Time for a little rant. Let’s talk about Millenials.
Millennials are generally defined as people born between 1981 and 1996, I happen to fall right into that time, hence I am a millennial.
All over social media, people are negatively commenting, and blaming millennials for many of the world problems. How on earth could that be true. All the plastic problems started in the 1960’s, climate change became evident because of the industrial era which was in the 1830’s-40’s. There are a million more topics on that line, but those are the two biggest that bother me.
On another note, life is harder for millennials than it was for our parents generation or even more so than their parents generation.
Millennials are saddled with student debt — but a college education is more necessary than ever. How the fuck are we supposed to get a good paying job if we don’t have a degree. How the fuck are you supposed to pay for those degrees when college tuition increases by 1.3 – 1.9% EVERY YEAR. Why do jobs ask for 5+ years of experience and then expect to pay at an entry level?!
I have been paying my student loans for 7 years now, and I am ONLY 30% of the way through. I pay 60% over the required amount each month and I still have not even dented that loan.
With these whopping loans looming over millennials heads, how the fuck are we supposed to afford a house. The average cost of a house in Colorado is $429,800, yet the average amount of money someone my age makes is $42,000. That means it would take 10.25 years to pay off your house and that is ALL the income BEFORE taxes. Then we have other expenses, like car payments, mandatory insurance, bills, student loans, some people already have kids. How do we have extra money to travel and see the world? How do we have extra money to SAVE?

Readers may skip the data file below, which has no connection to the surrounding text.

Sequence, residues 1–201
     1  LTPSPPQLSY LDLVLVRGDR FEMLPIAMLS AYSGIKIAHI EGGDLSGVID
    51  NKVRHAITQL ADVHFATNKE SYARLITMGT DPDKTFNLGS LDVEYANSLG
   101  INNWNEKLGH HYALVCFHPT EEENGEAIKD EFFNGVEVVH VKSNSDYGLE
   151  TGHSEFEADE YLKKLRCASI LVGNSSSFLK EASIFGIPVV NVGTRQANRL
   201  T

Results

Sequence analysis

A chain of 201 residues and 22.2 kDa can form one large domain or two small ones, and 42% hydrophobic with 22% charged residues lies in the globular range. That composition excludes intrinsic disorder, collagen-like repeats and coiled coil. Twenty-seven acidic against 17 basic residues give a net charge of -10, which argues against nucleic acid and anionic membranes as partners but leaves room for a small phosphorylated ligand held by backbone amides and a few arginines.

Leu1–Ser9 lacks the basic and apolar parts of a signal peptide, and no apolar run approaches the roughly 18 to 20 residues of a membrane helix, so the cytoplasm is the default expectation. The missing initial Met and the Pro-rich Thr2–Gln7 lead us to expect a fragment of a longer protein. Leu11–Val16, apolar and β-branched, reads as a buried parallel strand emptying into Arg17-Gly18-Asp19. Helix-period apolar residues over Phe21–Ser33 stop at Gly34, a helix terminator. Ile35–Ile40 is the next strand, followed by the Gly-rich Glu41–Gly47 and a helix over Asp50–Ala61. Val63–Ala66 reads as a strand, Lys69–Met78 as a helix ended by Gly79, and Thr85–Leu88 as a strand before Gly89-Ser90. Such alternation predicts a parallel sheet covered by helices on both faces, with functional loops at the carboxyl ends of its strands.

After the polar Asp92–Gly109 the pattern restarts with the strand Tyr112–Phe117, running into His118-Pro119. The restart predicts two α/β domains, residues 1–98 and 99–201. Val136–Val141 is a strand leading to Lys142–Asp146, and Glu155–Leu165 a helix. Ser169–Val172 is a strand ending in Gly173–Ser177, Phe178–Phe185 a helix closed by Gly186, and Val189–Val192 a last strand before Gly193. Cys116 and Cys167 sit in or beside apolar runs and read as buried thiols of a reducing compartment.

The Post’s Jonnelle Marte reported that in 2013, childcare and pre-college education made up 18% of the total cost of raising a kid, compared with just 2% in 1960, and that was in 2013!
Today, roughly one in five women in the U.S. won’t have kids. Thanks in part to this decline in birthrate, for the first time in U.S. history, there may soon be more elderly people than children.
Based on trends in costs, it’s evident why many families are choosing to have fewer children — or in some cases, no children at all.
The cost of having children in the U.S. has grown exponentially since the 1960s, when the government first started collecting data on childhood expenditures. Between 2000 and 2010, the cost shot up by 40%.
The fact that millennials are, on average earning less and more burdened by student debt only makes the situation more untenable.
There was an article once that said, our grandparents’ generation could afford to buy a house working for just one summer. ONE SUMMER. Now it takes us, what, 12+ years to be able to afford a house.
Here’s how much the median home value in the U.S. has changed between 1940 and 2000:
- 1940: $2,938
- 1950: $7,354
- 1960: $11,900
- 1970: $17,000
- 1980: $47,200
- 1990: $79,100
- 2000: $119,600
Here are those values again, adjusted for 2000 dollars:
- 1940: $30,600